Full Name: Tom of T.H.U.M.B.
Nationality: American
Organization: T.H.U.M.B.
Occupation Agent

Creator: John Burton Davis
Time Span: 1966 - 1967


Tom of T.H.U.M.B. is an agent of, well, T.H.U.M.B.

We never learn Tom's last name so the only way to specifically single him out is to add the acronym for the agency he works for.

'Works for' is itself saying a bit much since he is the only agent in the organization with the exception of his sidekick, Swinging Jack.

"Tom, an average member of U.S. Intelligence maintenance department. Wounded in the line of duty, Tom and his faithful assistant, Swinging Jack, ran afoul of the shrinking laser beam ray gun. They gave their height for their country, thus creating the Tiny Human Underground Military Bureau. When the plan calls for small thinking, it's a job for Tom of T.H.U.M.B."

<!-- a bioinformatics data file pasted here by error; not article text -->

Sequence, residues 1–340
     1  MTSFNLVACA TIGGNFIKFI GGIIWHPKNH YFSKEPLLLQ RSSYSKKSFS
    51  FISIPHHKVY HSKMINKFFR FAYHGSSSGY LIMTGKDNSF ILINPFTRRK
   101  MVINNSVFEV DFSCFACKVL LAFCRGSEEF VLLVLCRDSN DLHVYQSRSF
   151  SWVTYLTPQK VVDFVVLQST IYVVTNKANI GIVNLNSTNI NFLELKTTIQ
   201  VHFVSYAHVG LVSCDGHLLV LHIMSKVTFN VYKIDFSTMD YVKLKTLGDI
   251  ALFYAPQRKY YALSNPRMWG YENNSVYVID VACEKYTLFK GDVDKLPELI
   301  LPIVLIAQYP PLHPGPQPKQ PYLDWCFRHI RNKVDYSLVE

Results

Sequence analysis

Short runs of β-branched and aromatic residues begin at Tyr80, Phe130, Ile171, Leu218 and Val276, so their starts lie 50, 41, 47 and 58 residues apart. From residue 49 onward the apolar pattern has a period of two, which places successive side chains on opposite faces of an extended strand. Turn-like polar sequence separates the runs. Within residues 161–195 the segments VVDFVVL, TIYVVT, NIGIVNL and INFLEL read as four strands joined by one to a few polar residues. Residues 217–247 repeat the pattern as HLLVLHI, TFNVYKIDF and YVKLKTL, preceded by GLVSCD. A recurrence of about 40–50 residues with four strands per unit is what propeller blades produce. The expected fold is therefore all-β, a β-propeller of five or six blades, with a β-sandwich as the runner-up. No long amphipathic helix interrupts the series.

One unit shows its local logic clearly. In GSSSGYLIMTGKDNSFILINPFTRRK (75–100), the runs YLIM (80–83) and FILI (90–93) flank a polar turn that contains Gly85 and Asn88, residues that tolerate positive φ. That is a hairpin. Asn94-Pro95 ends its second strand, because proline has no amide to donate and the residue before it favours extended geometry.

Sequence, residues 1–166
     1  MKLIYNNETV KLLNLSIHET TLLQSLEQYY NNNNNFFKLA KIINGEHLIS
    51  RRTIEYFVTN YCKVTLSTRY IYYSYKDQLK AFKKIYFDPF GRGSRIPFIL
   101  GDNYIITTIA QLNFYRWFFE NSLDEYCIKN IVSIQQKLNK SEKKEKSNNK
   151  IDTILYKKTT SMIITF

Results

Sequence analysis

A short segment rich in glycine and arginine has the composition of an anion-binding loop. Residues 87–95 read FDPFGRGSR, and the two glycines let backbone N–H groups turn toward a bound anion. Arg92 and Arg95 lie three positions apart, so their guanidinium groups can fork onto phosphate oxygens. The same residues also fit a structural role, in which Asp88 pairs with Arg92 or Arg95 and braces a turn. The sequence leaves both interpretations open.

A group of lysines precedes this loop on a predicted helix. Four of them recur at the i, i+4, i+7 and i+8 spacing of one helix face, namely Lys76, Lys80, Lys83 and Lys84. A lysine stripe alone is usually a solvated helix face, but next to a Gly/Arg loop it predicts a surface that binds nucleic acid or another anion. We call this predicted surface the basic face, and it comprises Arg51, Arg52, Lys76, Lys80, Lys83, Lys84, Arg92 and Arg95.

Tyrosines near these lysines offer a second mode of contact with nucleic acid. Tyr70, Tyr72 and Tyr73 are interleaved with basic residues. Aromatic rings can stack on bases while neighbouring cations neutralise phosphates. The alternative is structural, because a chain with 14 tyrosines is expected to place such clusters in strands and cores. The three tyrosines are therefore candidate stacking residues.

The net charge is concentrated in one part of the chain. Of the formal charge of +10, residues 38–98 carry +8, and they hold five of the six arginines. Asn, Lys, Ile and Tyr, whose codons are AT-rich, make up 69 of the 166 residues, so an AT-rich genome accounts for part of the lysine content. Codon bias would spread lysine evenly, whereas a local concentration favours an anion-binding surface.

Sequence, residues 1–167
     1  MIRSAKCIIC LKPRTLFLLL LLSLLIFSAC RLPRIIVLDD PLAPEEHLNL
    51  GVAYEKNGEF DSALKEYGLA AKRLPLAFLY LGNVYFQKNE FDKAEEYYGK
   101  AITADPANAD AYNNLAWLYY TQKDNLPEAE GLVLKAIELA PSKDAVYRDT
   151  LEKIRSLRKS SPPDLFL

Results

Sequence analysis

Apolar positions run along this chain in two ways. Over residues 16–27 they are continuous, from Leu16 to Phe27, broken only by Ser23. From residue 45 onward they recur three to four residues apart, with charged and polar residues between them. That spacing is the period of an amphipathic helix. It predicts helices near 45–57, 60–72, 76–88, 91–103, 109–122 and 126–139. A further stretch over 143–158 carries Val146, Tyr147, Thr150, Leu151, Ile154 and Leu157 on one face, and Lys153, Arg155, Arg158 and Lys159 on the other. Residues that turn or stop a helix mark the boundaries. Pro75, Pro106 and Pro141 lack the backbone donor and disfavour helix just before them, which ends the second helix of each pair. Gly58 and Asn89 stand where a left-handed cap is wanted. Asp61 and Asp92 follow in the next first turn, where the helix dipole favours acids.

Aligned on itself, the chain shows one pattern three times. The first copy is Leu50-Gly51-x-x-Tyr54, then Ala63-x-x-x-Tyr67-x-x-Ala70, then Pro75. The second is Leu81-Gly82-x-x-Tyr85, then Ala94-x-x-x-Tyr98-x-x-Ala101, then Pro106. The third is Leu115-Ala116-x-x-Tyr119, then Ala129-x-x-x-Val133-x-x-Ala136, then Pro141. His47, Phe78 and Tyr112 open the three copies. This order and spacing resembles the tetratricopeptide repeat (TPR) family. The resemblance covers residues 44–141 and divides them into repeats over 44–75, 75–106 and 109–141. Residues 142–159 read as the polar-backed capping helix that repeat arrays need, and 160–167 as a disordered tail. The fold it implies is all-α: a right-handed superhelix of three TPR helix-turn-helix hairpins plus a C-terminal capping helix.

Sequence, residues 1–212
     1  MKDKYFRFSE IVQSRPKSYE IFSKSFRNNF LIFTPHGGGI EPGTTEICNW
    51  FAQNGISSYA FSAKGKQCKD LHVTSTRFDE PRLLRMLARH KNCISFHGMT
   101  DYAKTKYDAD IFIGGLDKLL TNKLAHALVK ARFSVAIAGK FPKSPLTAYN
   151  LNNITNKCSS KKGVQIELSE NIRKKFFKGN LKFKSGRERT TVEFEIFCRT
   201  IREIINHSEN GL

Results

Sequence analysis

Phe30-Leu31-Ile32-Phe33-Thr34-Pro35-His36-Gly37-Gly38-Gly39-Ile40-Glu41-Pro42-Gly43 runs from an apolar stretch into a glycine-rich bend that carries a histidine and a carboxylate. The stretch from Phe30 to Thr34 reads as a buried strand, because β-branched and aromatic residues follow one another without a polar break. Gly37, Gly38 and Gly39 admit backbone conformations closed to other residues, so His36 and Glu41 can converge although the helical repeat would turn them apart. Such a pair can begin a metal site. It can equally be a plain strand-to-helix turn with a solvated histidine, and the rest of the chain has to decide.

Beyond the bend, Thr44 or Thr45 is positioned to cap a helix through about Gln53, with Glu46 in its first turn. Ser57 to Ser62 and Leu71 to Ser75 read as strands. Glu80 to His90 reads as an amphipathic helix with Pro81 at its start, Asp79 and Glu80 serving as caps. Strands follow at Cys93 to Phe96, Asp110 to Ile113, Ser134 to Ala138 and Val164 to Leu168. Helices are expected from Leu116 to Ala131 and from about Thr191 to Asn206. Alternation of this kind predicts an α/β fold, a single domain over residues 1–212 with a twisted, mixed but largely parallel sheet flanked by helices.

The above is the introduction we get on each of the televised animated adventures which exist of Tom and Jack's missions. The 'wounded in the line of duty' makes it sound more impressive that it really is. Tom was sweeping at the top of the stairs, fell down those steps, and landed near a large machine. When his assistant, Smiling Jack, helps him stand, Tom's arm accidentally hits a lever on that device, moving in to the on position which opened a compartment on the wall from where a laser cannon slid out and hit both in its light.